Atorvastatin: A Potential Treatment in COVID-19?

May 17, 2021

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For patients with COVID-19 admitted to intensive care, giving atorvastatin 20 mg/d did not result in a significant reduction in risk for venous or arterial thrombosis, for treatment with extracorporeal membrane oxygenation (ECMO), or for all-cause mortality compared with placebo in the INSPIRATION-S study.

However, there was a suggestion of benefit in the subgroup of patients who were treated within 7 days of COVID-19 symptom onset.

The study was presented by Behnood Bikdeli, MD, Brigham and Women's Hospital, Boston, Massachusetts, on May 16 at the virtual American College of Cardiology (ACC) 2021 Scientific Session.

He explained that COVID-19 is characterized by an exuberant immune response and that there is a potential for thrombotic events because of enhanced endothelial activation and a prothrombotic state.

"In this context, it is interesting to think about statins as potential agents to be studied in COVID-19, because as well as having lipid-lowering actions, they are also thought to have anti-inflammatory and antithrombotic effects," he said.

In the HARP-2 trial of simvastatin in acute respiratory distress syndrome (ARDS), published a few years ago, the main results were neutral, but in the subgroup of patients with hyperinflammatory ARDS, there was a reduction in mortality with simvastatin in comparison with placebo, Bikdeli noted.

Moreover, in a series of observational studies of patients with COVID-19, use of statins was associated with a reduction in mortality among hospitalized patients. However, there are limited high-quality data to guide clinical practice, he said.

The INSPIRATION study, conducted in 11 hospitals in Iran, had a two-by-two factorial design to investigate different anticoagulant strategies and the use of atorvastatin for COVID-19 patients in the intensive care unit (ICU).

In the anticoagulation part of the trial, which was published in JAMA last month, there was no difference in the primary endpoint of an intermediate dose and standard dose of enoxaparin.

For the statin part of the trial (INSPIRATION-S), 605 patients were randomly assigned to receive atorvastatin 20 mg daily or placebo. Patients who had been taking statins beforehand were excluded. Baseline characteristics were similar for the two groups, with around a quarter of patients taking aspirin and more than 90% taking steroids.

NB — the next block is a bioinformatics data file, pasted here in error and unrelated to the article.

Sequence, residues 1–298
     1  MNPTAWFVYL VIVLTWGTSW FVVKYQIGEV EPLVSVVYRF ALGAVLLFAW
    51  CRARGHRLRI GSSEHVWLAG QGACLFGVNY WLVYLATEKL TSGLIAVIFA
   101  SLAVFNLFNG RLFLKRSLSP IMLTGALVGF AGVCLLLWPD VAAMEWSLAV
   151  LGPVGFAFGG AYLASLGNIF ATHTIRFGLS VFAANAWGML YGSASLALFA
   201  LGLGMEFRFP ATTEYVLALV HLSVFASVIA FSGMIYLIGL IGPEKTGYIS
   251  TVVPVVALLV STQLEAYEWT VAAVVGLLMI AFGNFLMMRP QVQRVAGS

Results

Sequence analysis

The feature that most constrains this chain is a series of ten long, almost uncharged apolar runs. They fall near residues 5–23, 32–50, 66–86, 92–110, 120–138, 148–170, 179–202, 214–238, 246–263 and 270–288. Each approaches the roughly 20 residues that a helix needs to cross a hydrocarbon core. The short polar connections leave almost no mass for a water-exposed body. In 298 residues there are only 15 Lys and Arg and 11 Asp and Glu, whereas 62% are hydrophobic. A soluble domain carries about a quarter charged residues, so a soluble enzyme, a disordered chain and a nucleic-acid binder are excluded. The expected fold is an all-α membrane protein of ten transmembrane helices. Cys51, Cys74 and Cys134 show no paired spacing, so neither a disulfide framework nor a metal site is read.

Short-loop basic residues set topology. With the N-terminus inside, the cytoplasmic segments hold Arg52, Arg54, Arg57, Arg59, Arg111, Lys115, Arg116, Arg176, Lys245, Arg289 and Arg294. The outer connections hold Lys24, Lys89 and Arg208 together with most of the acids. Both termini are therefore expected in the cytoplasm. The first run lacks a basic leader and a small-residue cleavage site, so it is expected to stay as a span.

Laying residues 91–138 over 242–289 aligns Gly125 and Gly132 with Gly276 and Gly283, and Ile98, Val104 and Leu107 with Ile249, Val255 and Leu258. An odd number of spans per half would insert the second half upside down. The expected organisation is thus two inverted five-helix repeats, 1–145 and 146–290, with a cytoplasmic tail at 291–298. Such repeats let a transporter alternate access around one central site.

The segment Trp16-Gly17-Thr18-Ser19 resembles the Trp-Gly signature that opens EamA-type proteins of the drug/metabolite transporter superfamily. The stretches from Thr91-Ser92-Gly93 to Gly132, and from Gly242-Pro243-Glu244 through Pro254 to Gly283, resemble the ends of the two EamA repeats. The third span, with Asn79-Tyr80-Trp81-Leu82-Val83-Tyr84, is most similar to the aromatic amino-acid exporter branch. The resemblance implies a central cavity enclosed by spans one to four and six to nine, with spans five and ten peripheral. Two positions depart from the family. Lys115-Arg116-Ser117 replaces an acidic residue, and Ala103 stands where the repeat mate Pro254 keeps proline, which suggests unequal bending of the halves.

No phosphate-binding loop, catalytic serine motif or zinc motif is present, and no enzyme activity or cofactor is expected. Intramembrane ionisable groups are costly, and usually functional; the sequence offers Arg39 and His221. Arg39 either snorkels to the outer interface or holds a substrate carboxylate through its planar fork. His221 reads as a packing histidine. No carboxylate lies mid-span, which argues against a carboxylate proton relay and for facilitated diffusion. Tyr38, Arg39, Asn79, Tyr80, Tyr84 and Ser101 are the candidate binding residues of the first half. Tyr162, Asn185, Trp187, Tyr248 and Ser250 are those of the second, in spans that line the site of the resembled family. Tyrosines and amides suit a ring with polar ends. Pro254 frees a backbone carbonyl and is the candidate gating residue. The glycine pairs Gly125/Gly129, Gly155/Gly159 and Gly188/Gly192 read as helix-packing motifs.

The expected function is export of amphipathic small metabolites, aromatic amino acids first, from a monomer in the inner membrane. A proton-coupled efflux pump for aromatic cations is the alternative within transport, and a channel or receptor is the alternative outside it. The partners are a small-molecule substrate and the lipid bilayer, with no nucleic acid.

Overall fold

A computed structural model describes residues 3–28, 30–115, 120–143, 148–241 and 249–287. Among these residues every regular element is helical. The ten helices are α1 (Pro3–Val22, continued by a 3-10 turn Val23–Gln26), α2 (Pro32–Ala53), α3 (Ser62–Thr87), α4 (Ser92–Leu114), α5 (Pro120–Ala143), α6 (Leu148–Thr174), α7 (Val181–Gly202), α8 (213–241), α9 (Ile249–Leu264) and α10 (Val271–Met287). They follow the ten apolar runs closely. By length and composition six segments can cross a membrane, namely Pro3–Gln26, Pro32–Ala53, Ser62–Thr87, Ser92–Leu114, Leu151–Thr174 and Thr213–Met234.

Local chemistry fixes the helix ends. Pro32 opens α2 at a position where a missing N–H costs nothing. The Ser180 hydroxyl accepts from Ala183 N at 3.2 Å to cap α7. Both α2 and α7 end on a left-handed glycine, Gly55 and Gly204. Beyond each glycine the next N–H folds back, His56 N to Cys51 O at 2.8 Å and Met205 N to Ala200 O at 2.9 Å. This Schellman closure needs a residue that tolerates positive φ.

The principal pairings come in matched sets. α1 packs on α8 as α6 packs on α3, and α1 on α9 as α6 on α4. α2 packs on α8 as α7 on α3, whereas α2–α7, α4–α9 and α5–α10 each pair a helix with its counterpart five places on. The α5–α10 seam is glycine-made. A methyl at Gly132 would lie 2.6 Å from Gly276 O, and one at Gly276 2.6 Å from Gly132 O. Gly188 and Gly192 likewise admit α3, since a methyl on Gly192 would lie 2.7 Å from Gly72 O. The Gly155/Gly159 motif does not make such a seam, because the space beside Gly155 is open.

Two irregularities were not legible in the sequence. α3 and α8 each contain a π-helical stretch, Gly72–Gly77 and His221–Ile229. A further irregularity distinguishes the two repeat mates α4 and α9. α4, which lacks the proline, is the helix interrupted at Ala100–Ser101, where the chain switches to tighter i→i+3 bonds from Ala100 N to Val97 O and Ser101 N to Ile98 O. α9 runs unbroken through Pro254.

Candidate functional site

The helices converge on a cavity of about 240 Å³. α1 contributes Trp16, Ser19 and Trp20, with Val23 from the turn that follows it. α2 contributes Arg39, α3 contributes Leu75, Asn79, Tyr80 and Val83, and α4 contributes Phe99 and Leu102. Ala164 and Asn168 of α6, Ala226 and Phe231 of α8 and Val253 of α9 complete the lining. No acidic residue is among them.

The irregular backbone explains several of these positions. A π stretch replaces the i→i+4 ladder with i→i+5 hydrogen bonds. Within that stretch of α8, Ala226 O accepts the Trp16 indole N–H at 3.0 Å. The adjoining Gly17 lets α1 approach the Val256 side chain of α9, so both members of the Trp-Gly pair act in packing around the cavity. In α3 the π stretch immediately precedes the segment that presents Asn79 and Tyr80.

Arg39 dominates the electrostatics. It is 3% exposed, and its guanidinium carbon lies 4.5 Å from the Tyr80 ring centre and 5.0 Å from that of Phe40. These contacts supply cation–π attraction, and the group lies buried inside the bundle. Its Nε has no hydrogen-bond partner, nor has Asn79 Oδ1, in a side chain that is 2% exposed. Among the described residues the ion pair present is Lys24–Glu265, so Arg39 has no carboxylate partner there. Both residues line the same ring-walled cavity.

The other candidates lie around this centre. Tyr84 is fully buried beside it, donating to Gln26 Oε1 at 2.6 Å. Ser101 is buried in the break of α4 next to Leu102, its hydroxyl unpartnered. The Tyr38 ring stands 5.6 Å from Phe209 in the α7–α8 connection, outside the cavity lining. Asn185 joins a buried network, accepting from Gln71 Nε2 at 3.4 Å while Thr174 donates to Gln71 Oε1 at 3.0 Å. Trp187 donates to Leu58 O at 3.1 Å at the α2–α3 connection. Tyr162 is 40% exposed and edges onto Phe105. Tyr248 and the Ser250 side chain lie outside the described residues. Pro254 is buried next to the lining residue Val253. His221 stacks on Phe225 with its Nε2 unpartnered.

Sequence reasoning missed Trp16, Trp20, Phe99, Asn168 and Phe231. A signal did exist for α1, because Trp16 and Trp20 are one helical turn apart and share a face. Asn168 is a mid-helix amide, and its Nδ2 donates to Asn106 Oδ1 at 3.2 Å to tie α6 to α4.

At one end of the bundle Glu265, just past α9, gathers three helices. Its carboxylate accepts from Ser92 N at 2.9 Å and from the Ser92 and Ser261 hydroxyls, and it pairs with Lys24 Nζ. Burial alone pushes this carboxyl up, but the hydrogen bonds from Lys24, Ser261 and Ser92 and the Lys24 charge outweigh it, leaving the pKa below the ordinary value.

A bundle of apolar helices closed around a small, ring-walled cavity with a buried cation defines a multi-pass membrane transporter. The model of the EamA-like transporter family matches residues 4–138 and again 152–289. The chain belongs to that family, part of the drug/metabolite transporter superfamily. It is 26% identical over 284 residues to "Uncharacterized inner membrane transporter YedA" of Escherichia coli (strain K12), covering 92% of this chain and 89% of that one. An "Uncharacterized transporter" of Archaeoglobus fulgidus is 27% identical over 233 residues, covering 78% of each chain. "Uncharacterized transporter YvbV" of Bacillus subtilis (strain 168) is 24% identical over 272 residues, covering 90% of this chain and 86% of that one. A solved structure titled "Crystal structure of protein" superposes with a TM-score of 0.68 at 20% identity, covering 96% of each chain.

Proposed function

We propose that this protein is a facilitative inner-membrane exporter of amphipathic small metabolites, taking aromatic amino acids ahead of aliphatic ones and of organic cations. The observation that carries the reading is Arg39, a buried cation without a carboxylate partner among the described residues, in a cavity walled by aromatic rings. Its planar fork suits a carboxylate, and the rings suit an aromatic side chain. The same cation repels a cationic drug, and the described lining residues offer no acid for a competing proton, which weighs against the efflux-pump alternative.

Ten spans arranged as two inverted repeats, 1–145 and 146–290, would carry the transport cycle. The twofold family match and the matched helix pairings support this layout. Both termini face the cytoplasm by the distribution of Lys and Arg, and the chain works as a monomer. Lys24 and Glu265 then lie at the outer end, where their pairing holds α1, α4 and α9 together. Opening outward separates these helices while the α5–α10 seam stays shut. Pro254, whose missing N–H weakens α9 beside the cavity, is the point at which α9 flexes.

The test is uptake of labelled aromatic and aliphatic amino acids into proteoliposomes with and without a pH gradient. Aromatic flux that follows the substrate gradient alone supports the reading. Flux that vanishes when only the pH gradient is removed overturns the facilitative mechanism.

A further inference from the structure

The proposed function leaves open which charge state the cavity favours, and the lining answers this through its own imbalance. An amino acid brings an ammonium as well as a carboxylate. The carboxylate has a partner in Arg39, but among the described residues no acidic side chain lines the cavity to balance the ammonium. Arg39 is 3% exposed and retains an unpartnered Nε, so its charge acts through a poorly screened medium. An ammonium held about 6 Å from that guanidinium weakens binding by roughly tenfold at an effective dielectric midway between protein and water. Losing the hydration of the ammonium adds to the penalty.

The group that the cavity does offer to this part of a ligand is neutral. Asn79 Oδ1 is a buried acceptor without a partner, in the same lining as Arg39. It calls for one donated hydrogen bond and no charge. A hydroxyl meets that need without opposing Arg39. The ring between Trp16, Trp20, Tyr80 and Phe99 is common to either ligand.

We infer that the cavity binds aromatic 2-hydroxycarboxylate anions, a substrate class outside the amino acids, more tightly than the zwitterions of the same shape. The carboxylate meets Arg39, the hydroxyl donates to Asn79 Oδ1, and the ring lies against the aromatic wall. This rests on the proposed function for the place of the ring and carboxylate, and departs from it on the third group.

Results showed that atorvastatin was not associated with a significant reduction in the primary outcome ― a composite of adjudicated venous or arterial thrombosis, treatment with ECMO, or mortality within 30 days ― which occurred in 32.7% of the statin group vs 36.3% of the placebo group (odds ratio [OR], 0.84; P = .35).

Atorvastatin was not associated with any significant differences in any of the individual components of the primary composite endpoint. There was also no significant difference in any of the safety endpoints, which included major bleeding and elevations in liver enzyme levels.

Subgroup analyses were mostly consistent with the main findings, with one exception.

In the subgroup of patients who presented within the first 7 days of COVID-19 symptom onset, there was a hint of a potential protective effect with atorvastatin.

In this group of 171 patients, the primary endpoint occurred in 30.9% of those taking atorvastatin, vs 40.3% of those taking placebo (OR, 0.60; P = .055).

"This is an interesting observation, and it is plausible, as these patients may be in a different phase of COVID-19 disease. But we need to be cognizant of the multiplicity of comparisons, and this needs to be further investigated in subsequent studies," Bikdeli said.

Higher Dose in Less Sick Patients a Better Strategy?

Discussing the study at the ACC presentation, Binita Shah, MD, said the importance of enrolling COVID-19 patients into clinical trials was paramount but that these patients in the ICU may not have been the right population in which to test a statin.

"Maybe for these very sick patients, it is just too late. Trying to rein in the inflammatory cytokine storm and the interaction with thrombosis at this point is very difficult," Shah commented.

She suggested that it might be appropriate to try statins in an earlier phase of the disease in order to prevent the inflammatory process, rather than trying to stop it after it had already started.

Shah also questioned the use of such a low dose of atorvastatin for these patients. "In the cardiovascular literature ― at least in ACS [acute coronary syndrome] ― high statin doses are used to see short-term benefits. In this very inflammatory milieu, I wonder whether a high-intensity regimen would be more beneficial," she speculated.

Bikdeli replied that a low dose of atorvastatin was chosen because early on, several antiviral agents, such as ritonavir, were being used for COVID-19 patients, and these drugs were associated with increases in liver enzyme levels.

"We didn't want to exacerbate that with high doses of statins," he said. "But we have now established the safety profile of atorvastatin in these patients, and in retrospect, yes, a higher dose might have been better."

The INSPIRATION study was funded by the Rajaie Cardiovascular Medical and Research Center, Tehran, Iran. Bikdeli has disclosed no relevant financial relationships.

American College of Cardiology (ACC) 2021 Scientific Session: Presented May 16, 2021.

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